I am not surprised to read how different Stuart Murray finds life in higher education compared with further education ("Are you ready for a flexible friend", THES, March 21).
Like him, I went to work in a higher education institution and was astonished by the provision of individual offices for many staff, the custom of working from home and the remoteness of some colleagues from students.
What really amazed me, however, was the amount of administrative support provided (I had my own secretary after 20 years of very little administrative support - it was like stepping onto the QE2 ) and, more worrying, the seeming unwillingness of the institution and some staff to want to react to the changing educational circumstances such as Curriculum 2000.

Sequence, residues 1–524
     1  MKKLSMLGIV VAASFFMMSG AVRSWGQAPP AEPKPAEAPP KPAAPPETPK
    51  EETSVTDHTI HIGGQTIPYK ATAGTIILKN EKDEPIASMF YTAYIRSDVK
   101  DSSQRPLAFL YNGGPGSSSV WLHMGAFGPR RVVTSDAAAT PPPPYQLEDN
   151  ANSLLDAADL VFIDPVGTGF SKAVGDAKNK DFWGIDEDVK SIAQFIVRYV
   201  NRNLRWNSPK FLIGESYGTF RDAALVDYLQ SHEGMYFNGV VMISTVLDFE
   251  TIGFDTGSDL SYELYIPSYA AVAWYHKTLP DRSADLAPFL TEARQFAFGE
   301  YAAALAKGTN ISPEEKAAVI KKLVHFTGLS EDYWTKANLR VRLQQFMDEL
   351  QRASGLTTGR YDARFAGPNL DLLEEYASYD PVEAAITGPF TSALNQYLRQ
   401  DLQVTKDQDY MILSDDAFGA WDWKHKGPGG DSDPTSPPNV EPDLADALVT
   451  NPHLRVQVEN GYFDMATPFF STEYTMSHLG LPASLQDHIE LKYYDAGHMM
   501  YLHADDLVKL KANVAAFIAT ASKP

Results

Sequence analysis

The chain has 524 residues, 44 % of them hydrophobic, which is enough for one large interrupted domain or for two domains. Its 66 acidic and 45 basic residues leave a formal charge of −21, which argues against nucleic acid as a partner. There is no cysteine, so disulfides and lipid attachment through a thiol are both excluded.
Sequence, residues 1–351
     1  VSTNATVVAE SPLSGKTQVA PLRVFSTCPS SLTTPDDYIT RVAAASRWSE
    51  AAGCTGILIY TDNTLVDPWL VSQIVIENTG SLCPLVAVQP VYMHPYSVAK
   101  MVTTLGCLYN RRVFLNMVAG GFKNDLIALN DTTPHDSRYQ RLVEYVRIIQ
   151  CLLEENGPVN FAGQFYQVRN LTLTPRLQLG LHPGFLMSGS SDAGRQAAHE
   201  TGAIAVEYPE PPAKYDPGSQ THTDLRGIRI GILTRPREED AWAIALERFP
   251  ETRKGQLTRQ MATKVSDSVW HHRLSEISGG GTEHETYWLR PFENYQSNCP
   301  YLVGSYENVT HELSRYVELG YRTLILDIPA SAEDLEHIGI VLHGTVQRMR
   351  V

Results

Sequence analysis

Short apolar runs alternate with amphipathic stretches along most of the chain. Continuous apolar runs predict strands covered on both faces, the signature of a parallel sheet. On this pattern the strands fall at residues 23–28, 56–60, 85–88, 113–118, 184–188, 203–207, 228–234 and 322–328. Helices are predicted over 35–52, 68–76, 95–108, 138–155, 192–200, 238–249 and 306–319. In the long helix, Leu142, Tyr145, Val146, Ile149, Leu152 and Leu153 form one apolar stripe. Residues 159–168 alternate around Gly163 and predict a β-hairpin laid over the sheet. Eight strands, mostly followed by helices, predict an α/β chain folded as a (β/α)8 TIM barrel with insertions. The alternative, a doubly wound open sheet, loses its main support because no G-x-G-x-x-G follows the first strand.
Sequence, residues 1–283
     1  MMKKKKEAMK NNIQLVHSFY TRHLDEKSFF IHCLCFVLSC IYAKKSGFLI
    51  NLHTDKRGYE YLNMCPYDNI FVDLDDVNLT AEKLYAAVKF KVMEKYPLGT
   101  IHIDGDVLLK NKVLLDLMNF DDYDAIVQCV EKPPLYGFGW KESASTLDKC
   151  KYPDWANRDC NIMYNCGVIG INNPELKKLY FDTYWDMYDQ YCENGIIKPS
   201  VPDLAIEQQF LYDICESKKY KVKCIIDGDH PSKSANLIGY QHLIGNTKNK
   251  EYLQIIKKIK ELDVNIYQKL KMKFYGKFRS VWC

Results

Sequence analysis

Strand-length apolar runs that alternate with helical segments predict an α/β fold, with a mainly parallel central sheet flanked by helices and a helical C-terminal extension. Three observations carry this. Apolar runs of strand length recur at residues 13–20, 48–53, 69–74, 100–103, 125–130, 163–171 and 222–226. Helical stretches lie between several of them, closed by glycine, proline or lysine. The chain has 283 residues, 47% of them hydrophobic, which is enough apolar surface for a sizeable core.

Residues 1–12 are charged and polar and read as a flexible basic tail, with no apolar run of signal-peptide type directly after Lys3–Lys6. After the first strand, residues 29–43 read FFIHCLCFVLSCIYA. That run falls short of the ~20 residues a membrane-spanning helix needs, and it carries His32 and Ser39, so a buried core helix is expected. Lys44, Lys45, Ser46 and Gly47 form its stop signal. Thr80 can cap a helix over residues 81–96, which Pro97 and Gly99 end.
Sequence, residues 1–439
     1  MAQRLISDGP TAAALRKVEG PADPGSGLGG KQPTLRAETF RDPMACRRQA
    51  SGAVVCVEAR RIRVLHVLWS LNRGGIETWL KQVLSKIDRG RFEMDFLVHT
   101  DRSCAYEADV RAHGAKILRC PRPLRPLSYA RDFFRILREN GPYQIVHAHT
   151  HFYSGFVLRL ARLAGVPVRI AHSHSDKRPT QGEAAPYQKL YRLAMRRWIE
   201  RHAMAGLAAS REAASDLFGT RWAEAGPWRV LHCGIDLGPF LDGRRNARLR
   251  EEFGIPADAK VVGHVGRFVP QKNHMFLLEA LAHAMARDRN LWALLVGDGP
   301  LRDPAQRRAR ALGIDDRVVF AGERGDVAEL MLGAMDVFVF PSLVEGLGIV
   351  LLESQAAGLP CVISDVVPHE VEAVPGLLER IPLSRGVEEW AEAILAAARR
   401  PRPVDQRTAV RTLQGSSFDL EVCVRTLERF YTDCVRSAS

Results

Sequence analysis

The tortuous committee structures seemed designed to strangle at birth any prompt reaction to developments. I found this totally demotivating, stultifying and frustrating. Even the committee minuting style was strictly controlled: bullet points were NOT to be used!
So I left higher education and returned to the world of advice and guidance and further education matters. Here we have to react quickly to education department initiatives and green and white papers in order to best serve our students and the colleagues who advise them.